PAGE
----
Although colonoscopy is commonly conducted for medical check-ups in Korea, investigations for the influence of bowel preparation on various health conditions are insufficient. This cross-sectional study investigated whether bowel preparation has an influence on serum levels of testosterone. A total of 1114 men were divided into the bowel preparation group and control groups. The median total and free testosterone levels were significantly lower in the bowel preparation group (14.89 and 0.26 nmol/L, respectively) than in the control groups (15.72 and 0.28 nmol/L, respectively). The level of total testosterone significantly increased with age in the bowel preparation group (r = 0.103). The differences in the levels of total and free testosterone between the 2 groups were more prominent in younger men than in older men. In multivariate regression models, bowel preparation was independently associated with the levels of total and free testosterone. In these models, the interaction between age and bowel preparation was significant for the levels of total and free testosterone. In conclusion, bowel preparation may independently decrease the serum levels of total and free testosterone. The decline in testosterone was more evident in younger men than in older men.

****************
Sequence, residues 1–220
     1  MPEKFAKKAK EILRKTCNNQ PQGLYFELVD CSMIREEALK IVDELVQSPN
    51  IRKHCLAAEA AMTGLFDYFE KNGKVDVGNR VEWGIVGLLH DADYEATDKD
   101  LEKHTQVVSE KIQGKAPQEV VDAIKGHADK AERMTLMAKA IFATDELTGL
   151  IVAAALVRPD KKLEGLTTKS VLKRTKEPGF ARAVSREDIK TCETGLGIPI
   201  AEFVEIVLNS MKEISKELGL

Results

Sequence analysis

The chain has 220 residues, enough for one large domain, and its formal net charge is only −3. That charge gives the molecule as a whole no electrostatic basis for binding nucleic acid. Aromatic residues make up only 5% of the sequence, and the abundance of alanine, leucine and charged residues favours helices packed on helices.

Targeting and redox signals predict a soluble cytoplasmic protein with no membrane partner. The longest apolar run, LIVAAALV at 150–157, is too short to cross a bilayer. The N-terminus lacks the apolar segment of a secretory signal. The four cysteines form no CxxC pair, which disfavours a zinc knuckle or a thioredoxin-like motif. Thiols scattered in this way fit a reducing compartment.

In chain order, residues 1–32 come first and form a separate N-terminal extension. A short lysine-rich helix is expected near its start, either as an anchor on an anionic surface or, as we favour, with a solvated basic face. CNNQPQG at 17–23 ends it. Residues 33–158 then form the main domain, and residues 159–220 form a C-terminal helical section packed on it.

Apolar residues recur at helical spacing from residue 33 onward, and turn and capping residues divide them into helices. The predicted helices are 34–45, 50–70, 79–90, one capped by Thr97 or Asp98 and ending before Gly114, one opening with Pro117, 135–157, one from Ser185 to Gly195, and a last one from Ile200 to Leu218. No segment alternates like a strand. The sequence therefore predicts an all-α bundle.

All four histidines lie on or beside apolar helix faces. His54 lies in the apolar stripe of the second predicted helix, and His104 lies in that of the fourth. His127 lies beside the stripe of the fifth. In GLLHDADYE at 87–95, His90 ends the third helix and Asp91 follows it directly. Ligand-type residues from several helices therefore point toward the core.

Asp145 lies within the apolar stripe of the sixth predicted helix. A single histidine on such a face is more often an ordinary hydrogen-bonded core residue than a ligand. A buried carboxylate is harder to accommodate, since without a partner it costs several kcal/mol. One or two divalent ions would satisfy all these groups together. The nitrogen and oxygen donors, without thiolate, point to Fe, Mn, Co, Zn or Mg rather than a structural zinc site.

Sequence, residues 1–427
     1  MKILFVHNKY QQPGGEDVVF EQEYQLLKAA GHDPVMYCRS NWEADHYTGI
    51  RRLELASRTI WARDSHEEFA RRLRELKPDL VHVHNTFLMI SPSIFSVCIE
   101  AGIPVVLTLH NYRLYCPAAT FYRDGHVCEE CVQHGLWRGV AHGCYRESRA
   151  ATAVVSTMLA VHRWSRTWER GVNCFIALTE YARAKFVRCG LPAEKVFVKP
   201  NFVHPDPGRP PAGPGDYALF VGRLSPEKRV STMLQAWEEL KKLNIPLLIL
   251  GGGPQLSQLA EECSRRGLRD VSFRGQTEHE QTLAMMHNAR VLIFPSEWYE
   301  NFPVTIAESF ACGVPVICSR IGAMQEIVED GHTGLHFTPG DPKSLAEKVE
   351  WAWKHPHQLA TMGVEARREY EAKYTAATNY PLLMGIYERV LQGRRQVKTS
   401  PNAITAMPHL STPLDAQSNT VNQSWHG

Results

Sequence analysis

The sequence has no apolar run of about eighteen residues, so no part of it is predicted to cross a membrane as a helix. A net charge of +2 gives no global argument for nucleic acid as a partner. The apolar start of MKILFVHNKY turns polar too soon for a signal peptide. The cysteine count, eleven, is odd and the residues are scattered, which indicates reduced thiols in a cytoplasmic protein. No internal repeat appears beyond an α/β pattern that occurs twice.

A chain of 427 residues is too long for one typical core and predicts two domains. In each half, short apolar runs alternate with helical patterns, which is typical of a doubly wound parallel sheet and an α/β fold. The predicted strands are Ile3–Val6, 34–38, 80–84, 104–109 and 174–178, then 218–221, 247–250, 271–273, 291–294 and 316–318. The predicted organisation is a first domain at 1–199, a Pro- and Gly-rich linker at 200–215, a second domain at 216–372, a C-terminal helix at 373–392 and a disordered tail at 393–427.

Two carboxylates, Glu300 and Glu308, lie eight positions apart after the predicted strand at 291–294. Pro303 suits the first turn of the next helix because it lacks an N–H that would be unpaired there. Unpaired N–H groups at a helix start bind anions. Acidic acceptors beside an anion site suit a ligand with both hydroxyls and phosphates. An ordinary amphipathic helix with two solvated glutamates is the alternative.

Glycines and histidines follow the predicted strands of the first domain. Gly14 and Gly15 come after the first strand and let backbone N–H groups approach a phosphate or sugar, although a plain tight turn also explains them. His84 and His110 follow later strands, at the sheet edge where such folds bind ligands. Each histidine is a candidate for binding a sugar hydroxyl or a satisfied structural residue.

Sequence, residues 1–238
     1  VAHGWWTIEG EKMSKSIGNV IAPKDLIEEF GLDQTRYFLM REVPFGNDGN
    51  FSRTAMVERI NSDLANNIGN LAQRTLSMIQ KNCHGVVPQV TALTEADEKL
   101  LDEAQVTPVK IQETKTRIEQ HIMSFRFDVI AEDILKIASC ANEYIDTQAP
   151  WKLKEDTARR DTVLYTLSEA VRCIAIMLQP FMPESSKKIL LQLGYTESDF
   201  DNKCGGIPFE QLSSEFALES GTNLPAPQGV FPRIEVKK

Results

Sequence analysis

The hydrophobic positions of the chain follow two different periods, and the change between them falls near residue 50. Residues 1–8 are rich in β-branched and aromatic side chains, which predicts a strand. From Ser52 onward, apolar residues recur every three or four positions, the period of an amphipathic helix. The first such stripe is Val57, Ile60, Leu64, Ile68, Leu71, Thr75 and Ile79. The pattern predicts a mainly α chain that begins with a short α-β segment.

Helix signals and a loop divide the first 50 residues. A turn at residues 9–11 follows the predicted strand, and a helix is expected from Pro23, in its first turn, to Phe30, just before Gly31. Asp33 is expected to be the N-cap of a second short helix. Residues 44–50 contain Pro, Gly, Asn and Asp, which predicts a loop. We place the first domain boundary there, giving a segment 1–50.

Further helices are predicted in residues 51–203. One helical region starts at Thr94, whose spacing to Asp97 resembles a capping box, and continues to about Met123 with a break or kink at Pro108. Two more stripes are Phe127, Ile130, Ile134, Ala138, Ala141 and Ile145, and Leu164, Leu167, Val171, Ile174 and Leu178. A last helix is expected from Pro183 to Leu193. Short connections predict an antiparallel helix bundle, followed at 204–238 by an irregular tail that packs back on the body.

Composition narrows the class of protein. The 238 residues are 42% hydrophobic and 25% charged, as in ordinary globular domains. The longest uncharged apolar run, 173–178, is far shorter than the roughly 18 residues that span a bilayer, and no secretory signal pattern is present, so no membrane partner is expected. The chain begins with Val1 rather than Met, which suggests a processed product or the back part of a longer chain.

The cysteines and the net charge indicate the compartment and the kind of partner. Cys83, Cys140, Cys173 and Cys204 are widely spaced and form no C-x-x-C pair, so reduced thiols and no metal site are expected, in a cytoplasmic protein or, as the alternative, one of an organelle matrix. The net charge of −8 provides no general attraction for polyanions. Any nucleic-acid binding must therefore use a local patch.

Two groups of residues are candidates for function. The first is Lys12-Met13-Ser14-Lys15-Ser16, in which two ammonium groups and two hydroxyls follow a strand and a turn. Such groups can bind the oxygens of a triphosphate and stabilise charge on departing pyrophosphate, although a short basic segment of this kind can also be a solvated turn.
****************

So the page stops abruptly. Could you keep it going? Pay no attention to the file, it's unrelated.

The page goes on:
Androgens play an important role in the male reproductive system, sexual functions, body compositions, and behaviours1,2. Low levels of circulating androgens may cause weakness, fatigue, anaemia, hair loss, decreased bone density and lean body mass, increased fat mass, and sexual dysfunction3,4,5. Hence, men with these symptoms may be suspected to have androgen deficiency. Men with the above mentioned clinical symptoms and deficiency of circulating androgen are defined as having hypogonadism6,7. In general, androgen deficiency is assessed by measuring serum total testosterone (TT) concentration6,7. In men who clinically manifest hypogonadism but do not present low levels of serum TT, the repeated measurement of TT and additional measurements of sex hormone-binding globulin (SHBG) or free testosterone (FT) are recommended7.